Bush for life has been very kind in allowing me to share the resource below. I will add to it some more information generated by KPCN group members.
Bush for life has added information to say ''the recommendations stand up 14 years later, in terms of time efficient control. Fair to say that most of our staff and volunteers still hand dig and remove bulbs when dealing with Monadenia on Bush For Life sites, and then simply remove flowerheads later in the season when we run out of time to dig up the bulbs in that season. This reduces the amount of seed produced and new seedlings the next year. We still avoid disturbing the seedheads once they have seed in them, as there is too much risk of spreading the dust-like seed into new areas. All bulbs and flowerheads removed from the site need to be disposed of correctly- generally crushing them both is okay.''
I’ve attached the bird list that I made during the visit. Thirty-three species in total for the day which is a good day’s birding.
There was some discussion about orchid ID – the following is very useful and about as up-to-date as you will get – Bush Gems: a guide to the wild orchids of Victoria https://bushorchids.weebly.com/bush-gems-orchids-of-victoria.html It is available as an eBook on CD-rom which I have loaded to my laptop and phone.
There are also some new plant ID tools becoming available which use Lucid technology. Very powerful and fairly intuitive to use. Unlike traditional plant keys you can usually identify things with incomplete information e.g. seed characteristics when you don’t have seeds available. At the moment these are only available for some of the larger plant families. You need to be online to use them.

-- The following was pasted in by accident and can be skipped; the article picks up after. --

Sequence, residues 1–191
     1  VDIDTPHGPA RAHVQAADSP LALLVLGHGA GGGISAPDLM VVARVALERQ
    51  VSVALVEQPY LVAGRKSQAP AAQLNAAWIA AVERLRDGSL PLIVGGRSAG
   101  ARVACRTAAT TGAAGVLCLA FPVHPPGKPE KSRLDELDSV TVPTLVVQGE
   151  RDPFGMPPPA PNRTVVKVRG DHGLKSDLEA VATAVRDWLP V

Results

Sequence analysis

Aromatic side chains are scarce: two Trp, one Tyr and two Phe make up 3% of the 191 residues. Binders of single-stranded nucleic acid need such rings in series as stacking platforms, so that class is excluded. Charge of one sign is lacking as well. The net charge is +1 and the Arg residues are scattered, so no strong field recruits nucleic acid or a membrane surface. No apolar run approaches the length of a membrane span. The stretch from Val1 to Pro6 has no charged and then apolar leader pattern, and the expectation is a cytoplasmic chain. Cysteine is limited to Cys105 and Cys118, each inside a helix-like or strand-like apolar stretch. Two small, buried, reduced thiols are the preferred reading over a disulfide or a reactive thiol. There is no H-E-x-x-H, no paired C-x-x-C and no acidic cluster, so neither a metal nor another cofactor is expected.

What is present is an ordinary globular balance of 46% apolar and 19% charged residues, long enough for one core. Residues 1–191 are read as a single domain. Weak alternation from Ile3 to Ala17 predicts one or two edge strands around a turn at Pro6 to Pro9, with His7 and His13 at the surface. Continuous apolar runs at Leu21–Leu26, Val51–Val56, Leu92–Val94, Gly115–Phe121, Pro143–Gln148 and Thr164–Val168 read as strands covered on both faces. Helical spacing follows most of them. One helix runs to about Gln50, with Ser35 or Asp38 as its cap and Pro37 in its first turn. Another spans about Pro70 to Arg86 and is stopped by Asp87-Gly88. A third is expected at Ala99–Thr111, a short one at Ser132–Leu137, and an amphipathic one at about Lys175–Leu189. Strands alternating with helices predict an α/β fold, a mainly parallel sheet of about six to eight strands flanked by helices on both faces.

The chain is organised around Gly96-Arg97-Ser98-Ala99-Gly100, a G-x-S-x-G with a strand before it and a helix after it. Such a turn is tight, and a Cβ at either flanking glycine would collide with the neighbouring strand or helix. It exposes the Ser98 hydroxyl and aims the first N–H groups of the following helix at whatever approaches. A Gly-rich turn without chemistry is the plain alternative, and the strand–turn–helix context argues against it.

The Pea Key - https://www.anbg.gov.au/cpbr/cd-keys/peakey/key/The%20Pea%20Key/Media/Html/index.html
Wattle – Acacias of Australia - https://apps.lucidcentral.org/wattle/text/intro/index.html
Euclid - Eucalypts of Australia - https://apps.lucidcentral.org/euclid/text/intro/index.html
Asteraceae of Victoria - https://vicflora.rbg.vic.gov.au/static/keys/asteraceae and click “Go to Key Player”
We spent quite a bit of time talking about weeds and, in particular African Weed Orchid. I’ve attached a set of photos that I prepared so that I could show people what to look for. Feel free to print copies to show others.
We were also discussing the difference between Brown Stringybark (Eucalyptus baxteri) and Desert Stringybark (Eucalyptus arenacea). There are a few features to identify them, though the bud seems to be the clearest (rough/warty bud cap on Brown Stringy and non-warty on Desert Stringy) - images from RBG attached. The fruit (nut) on Brown Stringy is generally sessile (no stalk), where as the fruit on Desert has a very short pedicel (stalk). Attached are descriptions from Eucalypts of Victoria & Tasmania by D. Nicolle. Flora of Victoria online is a great resource too;
Brown Stringybark: https://vicflora.rbg.vic.gov.au/flora/taxon/f970ddca-8b2c-4160-8368-54d9e0bbfa92
Desert Stringybark: https://vicflora.rbg.vic.gov.au/flora/taxon/bf1845b1-4701-4887-90f0-476035bf9f55
Written by Mirinda Thorpe
This page is to record conversations held within the group that would be useful for sharing information.